Travel Stories: When Catherine Watson left Lebanon's capital city in the 1960s, she carried home the key to her former apartment. Forty years later, she returned with her prized souvenir and found it could still open doors.
Amazingly, our old neighborhood hadn’t changed much, and the ruined downtown was being resurrected. The old souks were gone, but many of the beautiful yellow buildings had been restored, the sidewalk cafes were back and booming, the crowds were as cosmopolitan as I remembered, and I was just as happy.
Being in the city again gave me such intense deja-vu that I kept forgetting my real age. I remembered it fast enough when I went looking for my apartment: I couldn’t find anyone old enough to ask.
I looked for it anyway, but I’d never known more than a few words of Arabic, and while neighborhood residents tried to help, I got nowhere. The next time I tried, I asked an A.U.B. staffer to come along and translate.
Khaled and I walked down Jeanne d’Arc to a cross street called Makdisi, and he pointed to a tall, white building on the corner, its facade a mix of shop signs and modern balconies. He thought it must be that one.
It can’t be, I said. It’s too new. Too big. It didn’t look like that. And it wasn’t on a corner.
Khaled asked a shopkeeper. “He says that’s the Makdisi building,” Khaled said. No, I insisted, it isn’t.
We walked up a narrow lane beside it. Midblock, tucked behind the modern building so it was invisible from Jeanne d’Arc, there was a lower building, worn yellow stucco with old green shutters.
Ours was like that, I told Khaled. But it wasn’t this far back, and it faced the other way. If you took this building and turned it around.
A balding, middle-aged man in a navy turtleneck had come out onto a little terrace on the ground floor and was standing quietly, watching me pantomime turning his building around in the air. He asked in Arabic what I was up to. Khaled told him.
And then the man did something that the Lebanese always used to do: He simply opened the terrace gate and, with a huge smile, welcomed us into his home.
“Come in,” he said in English, and we stepped into his living room. It was very plain, with an old tile floor (the pattern looked familiar), divans along two sides, a treadle sewing machine serving as an end table, a few kitchen chairs scattered around and a large TV mounted high on the wall.
Our host, along with his younger sister, her husband, their 4-year-old son and a frail elderly lady—“my auntie,” our host said—had been watching an Arabic news report about the war in Iraq. He turned it down a little so we could talk.
No, he said, he didn’t remember any building like the one I described. Neither did his auntie, who had moved over to sit beside me.
She had been a teacher, she confided, in a delicate blend of French and English. As the evening went on, more and more words came back to her. She practiced them, moving her lips silently, before she shyly whispered them to me. It was like listening to lace.
Another wraith-like old auntie drifted in and perched on one of the divans. She said she didn’t know about the apartment either and drifted back out.
“My mother will know,” our host assured us: She ran a dressmaking shop around the corner and knew everyone in the neighborhood.
By the time his mother appeared, we’d learned how to pronounce each other’s names. I’d told everyone about our study group and its reunion trip, and we’d all agreed that the Iraq war was a bad thing. They’d offered coffee and tea, Khaled and I had accepted, and the English-speaking auntie had gone into the kitchen and fetched a plate of homemade stuffed grape leaves.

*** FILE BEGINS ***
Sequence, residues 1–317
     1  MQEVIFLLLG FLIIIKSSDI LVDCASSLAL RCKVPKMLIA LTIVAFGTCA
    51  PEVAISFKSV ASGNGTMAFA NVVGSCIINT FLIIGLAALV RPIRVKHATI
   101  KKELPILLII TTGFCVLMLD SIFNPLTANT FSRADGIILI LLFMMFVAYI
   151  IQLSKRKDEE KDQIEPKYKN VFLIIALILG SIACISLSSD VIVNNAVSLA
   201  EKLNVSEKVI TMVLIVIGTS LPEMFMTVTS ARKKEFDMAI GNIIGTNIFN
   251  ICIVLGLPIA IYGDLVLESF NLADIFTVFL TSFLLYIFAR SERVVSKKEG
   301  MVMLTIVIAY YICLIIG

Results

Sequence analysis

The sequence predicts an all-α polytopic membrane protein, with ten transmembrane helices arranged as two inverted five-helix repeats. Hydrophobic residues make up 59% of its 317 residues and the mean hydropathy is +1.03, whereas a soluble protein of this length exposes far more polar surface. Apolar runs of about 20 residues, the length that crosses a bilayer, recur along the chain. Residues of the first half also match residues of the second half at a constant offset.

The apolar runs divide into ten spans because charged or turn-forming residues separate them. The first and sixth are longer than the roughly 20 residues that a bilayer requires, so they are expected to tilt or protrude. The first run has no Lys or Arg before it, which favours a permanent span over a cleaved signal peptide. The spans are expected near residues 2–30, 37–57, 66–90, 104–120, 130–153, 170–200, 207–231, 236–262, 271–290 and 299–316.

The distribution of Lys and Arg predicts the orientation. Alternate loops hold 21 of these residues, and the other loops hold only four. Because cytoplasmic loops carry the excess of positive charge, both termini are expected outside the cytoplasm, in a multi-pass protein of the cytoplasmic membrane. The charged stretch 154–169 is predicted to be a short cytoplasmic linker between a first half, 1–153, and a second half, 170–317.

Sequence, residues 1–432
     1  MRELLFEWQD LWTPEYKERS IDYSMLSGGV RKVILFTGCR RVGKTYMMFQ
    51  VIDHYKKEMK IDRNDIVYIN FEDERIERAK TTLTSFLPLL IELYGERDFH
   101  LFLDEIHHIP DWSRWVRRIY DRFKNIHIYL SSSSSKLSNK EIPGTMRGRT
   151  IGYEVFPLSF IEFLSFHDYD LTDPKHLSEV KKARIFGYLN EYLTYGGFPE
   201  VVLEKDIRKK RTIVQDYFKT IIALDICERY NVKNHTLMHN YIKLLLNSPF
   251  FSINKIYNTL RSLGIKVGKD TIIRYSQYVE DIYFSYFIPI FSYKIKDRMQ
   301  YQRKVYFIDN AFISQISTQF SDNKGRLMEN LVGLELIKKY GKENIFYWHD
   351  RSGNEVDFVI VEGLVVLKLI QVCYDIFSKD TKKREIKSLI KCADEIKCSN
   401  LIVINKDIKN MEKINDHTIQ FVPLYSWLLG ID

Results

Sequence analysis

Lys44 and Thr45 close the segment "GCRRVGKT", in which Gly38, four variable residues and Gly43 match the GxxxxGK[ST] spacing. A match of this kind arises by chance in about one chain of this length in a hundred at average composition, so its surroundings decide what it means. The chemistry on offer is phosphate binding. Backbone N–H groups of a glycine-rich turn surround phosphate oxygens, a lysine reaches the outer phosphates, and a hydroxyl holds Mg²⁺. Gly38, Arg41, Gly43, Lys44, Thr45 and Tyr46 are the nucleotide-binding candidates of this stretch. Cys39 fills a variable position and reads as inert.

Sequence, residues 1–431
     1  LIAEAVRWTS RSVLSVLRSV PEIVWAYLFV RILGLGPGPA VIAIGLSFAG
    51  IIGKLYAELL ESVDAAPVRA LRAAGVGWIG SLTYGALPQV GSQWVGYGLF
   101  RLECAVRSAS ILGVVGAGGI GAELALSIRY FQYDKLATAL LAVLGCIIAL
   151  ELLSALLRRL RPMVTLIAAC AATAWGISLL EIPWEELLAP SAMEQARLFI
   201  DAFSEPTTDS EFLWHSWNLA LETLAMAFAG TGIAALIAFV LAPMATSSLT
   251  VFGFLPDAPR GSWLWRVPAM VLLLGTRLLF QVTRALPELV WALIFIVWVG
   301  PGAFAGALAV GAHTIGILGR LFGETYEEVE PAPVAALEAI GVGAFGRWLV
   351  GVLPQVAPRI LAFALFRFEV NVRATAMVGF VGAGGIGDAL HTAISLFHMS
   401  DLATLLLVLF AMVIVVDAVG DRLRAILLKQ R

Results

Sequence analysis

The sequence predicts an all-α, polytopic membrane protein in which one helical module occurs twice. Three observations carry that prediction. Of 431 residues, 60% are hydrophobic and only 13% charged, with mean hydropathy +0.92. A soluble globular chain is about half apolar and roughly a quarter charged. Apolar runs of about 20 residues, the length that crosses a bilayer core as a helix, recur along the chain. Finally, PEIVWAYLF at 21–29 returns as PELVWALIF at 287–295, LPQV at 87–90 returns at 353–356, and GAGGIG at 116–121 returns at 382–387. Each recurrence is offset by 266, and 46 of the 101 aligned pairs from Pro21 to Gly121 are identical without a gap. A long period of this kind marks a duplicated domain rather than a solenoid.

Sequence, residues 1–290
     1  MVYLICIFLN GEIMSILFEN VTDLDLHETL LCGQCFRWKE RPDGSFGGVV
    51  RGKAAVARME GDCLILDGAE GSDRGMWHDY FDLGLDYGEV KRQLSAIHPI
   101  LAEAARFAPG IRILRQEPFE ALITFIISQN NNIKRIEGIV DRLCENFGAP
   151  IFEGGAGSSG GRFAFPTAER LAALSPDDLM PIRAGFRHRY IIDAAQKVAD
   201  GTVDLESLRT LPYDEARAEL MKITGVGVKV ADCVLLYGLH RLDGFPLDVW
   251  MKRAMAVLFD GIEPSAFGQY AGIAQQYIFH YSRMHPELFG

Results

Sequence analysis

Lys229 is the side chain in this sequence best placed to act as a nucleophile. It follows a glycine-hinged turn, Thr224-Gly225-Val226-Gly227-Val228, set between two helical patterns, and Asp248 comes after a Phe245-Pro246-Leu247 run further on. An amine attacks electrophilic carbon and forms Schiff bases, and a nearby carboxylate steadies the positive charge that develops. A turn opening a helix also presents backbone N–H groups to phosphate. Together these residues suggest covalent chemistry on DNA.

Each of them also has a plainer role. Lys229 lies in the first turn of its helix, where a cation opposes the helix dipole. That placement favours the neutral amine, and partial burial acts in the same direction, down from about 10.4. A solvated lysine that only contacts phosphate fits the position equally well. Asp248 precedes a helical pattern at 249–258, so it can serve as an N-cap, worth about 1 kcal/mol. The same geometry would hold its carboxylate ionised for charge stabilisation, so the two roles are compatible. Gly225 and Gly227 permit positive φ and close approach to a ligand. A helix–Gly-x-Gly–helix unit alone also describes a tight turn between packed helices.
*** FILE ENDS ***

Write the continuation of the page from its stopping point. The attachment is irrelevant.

“Eat,” she said. Plump with lamb and rice, they were the best I’d ever tasted.
Eventually the mother came in, a woman with dyed-black hair, wearing a kerchief and a loose flowered housecoat. She didn’t look any older than her son.
But he was right: She knew. And she knew instantly.
Before he’d said anything, she froze, stared hard at my face and rattled off something in fast, excited Arabic. “My mother say she know you directly!” the son translated, and lots of talk broke out.
Khaled translated more precisely. This is what the mother had said about me: “She rented the apartment behind our house 40 years ago!”
I was so shocked that my skin tingled. I’m still shocked. I think she was actually remembering one of the other women, but I didn’t mind. The important thing was, she remembered us. And she remembered the apartment.
Which wasn’t there any more. She said the owners—yes, the very same ones who’d owned a jam factory—had torn it down in 1975, just before the civil war started, and put that big white building in its place. The dead-end alley beside our old building had been made into a lane, which was how the replacement ended up on a corner.
I’d been afraid of something like this, but the family’s unexpected hospitality took the sting out of the loss. At least it hadn’t been war damage.
I dug the old apartment key out of my purse and held it up for them to see. “I was going to open the door and walk in and give it back,” I said, and Khaled translated.
Everyone collapsed in laughter. “Now I guess I can keep it,” I said. More laughter.
The elderly auntie worked out another of her gossamer English sentences and offered it to me. “You found the key,” she said gently, “and you lost the house.”
I slipped the key back in my purse and zipped it shut. Yes, I said, and smiled at her. Yes, the house is gone.
But by then it didn’t matter. The key had done its old familiar work, as surely as if I’d turned it again in the front door of No. 1, Makdisi Building, all these years later.
It had let me back into a city I loved and permitted me, in that Lebanese family’s plain, friendly living room, once again to feel at home.